When I Grow Up, I Want to be a Janitor

It’s crazy, but professional janitorial careers are fascinating vocations.  And if cleanliness is a sign of maturity, I have some growing up to do.  You may be like me and have a lifelong history of being scolded due to a lack of cleaning aptitude, despite best intentions and hard effort.  Imagine spending upwards of an hour cleaning the washroom, scrubbing so hard that the toilet finishing comes off and still receiving a scolding.  That’s me.  That is, that was me until today.  From here on, I’m determined to gain mastery in cleaning—enough to be a serious candidate for a janitorial career—although my ambition is to earn a quarter million annually in a sales and marketing role.  I’m not sure which is harder.

So, to turn myself into a professional janitor, at least at home, I’ve started reading books on the art of janitorial work.  I’ll eventually take an online three-month professional janitorial course, but first I’ll read janitorial books to prepare.  That way, I won’t fail the janitorial exam.  No one wants to fail the janitorial exam.

So, here are some tips I’ve learned.  They may seem obvious, like “don’t bring firearms and explosives to work,” but other tips may not be intuitive.

The first thing that shocked me involved window cleaning.  Did you know you’re supposed to heavily douse the window with window cleaner—and use a squeegee, especially for unreachable spots?  I always pondered how I’d clean the top of the mirror, and now I know the tool to do just that.

And did you know that you’ll greatly benefit if you buy a cleaning apron with upwards of six pockets to store your cleaning supplies?  One of those pockets should contain a toothbrush for scrubbing corners and a razor scraper for removing “cling-ons” like soap scum from mirrors, glass, and cupboards.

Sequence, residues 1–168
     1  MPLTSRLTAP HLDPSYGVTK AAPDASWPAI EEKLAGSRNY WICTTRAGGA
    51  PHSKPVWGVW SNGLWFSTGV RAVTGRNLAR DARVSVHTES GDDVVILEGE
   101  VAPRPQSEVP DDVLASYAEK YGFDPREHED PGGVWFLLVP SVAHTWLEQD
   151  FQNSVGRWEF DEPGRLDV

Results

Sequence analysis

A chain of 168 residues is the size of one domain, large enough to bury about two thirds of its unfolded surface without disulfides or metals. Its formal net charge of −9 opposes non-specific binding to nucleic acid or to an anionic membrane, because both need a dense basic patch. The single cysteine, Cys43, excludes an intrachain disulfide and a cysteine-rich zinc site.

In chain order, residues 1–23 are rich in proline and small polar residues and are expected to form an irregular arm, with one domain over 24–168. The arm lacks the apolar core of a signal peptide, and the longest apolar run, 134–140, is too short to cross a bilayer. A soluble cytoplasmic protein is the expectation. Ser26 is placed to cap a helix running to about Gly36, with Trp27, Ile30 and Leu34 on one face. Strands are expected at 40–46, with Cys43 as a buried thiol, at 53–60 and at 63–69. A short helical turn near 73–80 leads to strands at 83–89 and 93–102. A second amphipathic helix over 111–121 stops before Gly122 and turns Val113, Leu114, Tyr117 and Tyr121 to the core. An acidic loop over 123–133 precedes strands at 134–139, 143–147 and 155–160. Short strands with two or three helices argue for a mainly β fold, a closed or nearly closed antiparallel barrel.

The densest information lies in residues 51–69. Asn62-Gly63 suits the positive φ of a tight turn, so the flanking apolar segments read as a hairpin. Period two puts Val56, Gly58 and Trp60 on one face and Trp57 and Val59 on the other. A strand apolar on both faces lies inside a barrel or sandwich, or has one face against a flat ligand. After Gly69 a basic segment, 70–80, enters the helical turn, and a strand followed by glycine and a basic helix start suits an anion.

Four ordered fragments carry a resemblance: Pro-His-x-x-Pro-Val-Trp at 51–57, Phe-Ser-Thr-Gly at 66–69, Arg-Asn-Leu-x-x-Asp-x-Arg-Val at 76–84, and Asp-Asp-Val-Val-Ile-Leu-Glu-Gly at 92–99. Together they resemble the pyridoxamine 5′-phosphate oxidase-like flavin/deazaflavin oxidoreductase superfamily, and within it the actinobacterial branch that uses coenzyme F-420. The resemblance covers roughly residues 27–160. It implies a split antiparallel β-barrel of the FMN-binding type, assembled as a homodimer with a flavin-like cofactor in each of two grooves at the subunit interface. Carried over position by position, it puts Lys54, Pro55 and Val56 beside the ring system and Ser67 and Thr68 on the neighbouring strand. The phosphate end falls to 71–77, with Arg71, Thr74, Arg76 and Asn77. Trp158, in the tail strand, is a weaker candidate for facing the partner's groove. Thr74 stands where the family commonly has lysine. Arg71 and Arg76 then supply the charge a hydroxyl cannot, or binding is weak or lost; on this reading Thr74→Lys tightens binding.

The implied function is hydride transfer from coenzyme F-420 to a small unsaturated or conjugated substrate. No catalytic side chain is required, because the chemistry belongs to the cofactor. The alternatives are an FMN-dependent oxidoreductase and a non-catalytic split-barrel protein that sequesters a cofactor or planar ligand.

And you can get super fancy with two-bucket mop pails: one for water with chemicals and the other for plain water for rinsing.  Also, you should use only microfiber cloths (packing a dozen of them in your cleaning apron when doing the kitchen), as they tend to remove dust rather than merely displace it.  I knew none of this!

Oh, and then there are these systems.  For instance, you should always use two hands while cleaning so one doesn’t sit idle.  So, for example, if you’re cleaning a sink with one hand, use the other hand for the next task or a different area of the sink.  And every janitorial book I’ve read says to go in a pattern, starting at the supply closet and moving in an unbroken line from there, circling the entirety of the place, back to the supply closet.

And clean the washrooms daily.  Washrooms are the most judged space in your home as a measure of overall cleanliness.  So the bathroom garbage must be taken out once a day.  Bathroom air fresheners are highly recommended, as is daily washroom floor cleaning.

Also, have daily, weekly, and monthly cleaning schedules.  I’ve just started reading this book part, so I can’t say much about it yet.  One book says to clean washrooms daily, and another says clean bathrooms and kitchens once a week.  I’m doing them both daily.

I’ve only just begun my quest to clean like a professional janitor.  It’s not an inexpensive venture, at least not at the start.  My Amazon shopping cart is filled with a wish list of costly cleaning supplies.  I will receive a stack of microfiber cloths and eucalyptus hand soap this Monday.  At the end of the month, I plan to buy my cleaning apron and a broom.  Yes, I don’t own a broom.

So, that’s how I’ve begun to replace all my unskilled cleaning with top-gun janitorial skills.  And one day, I’ll pass the janitorial exam and move on to the next curriculum in my domestic journey: decluttering.  But the ideal, truly the dream, is to one day make the home feel like a Buddhist oasis, with salt lamps, a water fountain, dimmed lights, soothing music, a theater-like smart TV for movies, and giant amethyst rocks.  Of course, that was a last-minute speculation, but we can make anything happen once it enters the imagination.  And when we reach a goal, it’s time to up the ante.  After all, every goal opens new possibilities.

Is there anything you can think of that you could hire someone to do for you, no matter how trivial, like mowing lawns or walking dogs?  It’s likely a fascinating skill to learn once you research it.  So instead of letting a task remain poorly done, untouched, or handed over to professional help, why not see if you could turn it into a potential profession?  And if you’re at all entrepreneurial, it could become a booming business.  I’ve heard of janitorial business owners earning six figures with upward of eighty employees.

(Many of the ideas in this article were taught by Jeff Campbell with Debbie Sardone in the book Speed Cleaning for the Pros:  How to Achieve Perfect Maintenance Cleaning and by Sakeenah Redmond in his book Janitorial Service Training Guide: The Universal Way to Clean.)

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